Margaret Rouse is an award-winning technical writer and teacher known for her ability to explain complex technical subjects simply to a non-technical, business audience. Over…
A mutator, in the context of C#, is a method, with a public level of accessibility, used to modify and control the value of a private member variable of a class. The mutator is used to assign a new value to the private field of a type. It forms a tool to implement encapsulation by only controlling access to the internal field values that must be modified.
The benefits of using a mutator include:
A mutator is usually provided with an accessor that returns the value of the member variable. For data members that are immutable, the mutator should not be provided.
For example, StudentData can be a class that stores a student’s details, such as name, address, grade, etc. There can be a public method, SetGrade in the class. StudentData is the mutator to update the StudentData object from the code that uses the object.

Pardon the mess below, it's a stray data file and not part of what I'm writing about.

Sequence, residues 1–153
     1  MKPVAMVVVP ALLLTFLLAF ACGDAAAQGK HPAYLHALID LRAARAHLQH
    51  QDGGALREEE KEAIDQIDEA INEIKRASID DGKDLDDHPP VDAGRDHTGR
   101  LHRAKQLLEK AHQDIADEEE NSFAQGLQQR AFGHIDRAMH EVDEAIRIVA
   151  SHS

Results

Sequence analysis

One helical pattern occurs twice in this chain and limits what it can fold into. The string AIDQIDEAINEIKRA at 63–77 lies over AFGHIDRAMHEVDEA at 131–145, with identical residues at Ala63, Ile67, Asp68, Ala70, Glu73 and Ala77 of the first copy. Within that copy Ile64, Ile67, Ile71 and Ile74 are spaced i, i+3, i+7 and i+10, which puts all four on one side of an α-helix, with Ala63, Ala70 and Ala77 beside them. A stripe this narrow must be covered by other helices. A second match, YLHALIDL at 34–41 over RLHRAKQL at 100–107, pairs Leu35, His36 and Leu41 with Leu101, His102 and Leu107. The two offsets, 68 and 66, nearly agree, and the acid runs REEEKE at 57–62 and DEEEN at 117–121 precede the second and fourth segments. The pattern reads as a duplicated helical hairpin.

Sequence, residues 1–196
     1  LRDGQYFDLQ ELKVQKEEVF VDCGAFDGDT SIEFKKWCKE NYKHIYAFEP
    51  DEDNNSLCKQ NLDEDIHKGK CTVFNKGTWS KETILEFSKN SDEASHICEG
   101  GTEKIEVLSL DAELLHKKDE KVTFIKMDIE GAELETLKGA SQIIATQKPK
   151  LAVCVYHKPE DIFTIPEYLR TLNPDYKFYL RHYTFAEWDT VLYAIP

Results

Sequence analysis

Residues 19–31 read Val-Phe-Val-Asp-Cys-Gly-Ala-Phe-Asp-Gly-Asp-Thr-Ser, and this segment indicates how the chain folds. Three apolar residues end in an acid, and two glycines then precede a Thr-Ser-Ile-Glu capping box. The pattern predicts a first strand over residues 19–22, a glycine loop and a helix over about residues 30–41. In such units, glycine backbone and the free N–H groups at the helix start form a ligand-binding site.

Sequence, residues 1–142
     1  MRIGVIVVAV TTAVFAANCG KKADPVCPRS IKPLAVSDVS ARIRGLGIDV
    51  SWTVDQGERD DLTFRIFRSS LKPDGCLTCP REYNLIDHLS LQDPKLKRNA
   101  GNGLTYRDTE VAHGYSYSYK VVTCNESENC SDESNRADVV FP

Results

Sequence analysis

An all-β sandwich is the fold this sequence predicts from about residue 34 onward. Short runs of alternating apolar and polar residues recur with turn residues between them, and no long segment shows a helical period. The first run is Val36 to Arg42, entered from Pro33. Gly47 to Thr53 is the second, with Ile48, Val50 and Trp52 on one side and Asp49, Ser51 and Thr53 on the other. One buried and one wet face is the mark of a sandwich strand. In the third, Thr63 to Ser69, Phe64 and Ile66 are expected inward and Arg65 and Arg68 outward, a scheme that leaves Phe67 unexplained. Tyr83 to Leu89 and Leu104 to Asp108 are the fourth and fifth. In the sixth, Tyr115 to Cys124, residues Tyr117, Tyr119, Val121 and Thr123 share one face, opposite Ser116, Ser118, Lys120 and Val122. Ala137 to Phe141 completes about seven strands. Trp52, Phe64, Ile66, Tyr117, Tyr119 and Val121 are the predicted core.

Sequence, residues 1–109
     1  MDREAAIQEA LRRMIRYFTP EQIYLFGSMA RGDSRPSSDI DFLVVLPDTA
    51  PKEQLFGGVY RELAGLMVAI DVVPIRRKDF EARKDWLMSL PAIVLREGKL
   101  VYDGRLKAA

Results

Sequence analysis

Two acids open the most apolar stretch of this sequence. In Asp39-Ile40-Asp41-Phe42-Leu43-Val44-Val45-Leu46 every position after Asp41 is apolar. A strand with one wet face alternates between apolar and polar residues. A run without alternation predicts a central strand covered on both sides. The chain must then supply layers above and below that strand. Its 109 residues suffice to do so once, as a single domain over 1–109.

While a mutator is implemented in C++ by an explicit public method to modify a private field, C# introduces “properties” as a new feature that implements a mutator to modify field values as well as an accessor to fetch the field. Each property is represented in the common intermediate language code with a pair of methods prefixed with “get_”(accessor) and “set_”(mutator) under the hood. They are called internally by the common language runtime (CLR). This simplifies the code and sometimes allows for the performance of mathematical operations.
The mutator is not often used in objects, where the object’s behavior is considered rather than how it performs.
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Margaret is an award-winning technical writer and teacher known for her ability to explain complex technical subjects to a non-technical business audience. Over the past twenty years, her IT definitions have been published by Que in an encyclopedia of technology terms and cited in articles by the New York Times, Time Magazine, USA Today, ZDNet, PC Magazine, and Discovery Magazine. She joined Techopedia in 2011. Margaret's idea of a fun day is helping IT and business professionals learn to speak each other’s highly specialized languages.
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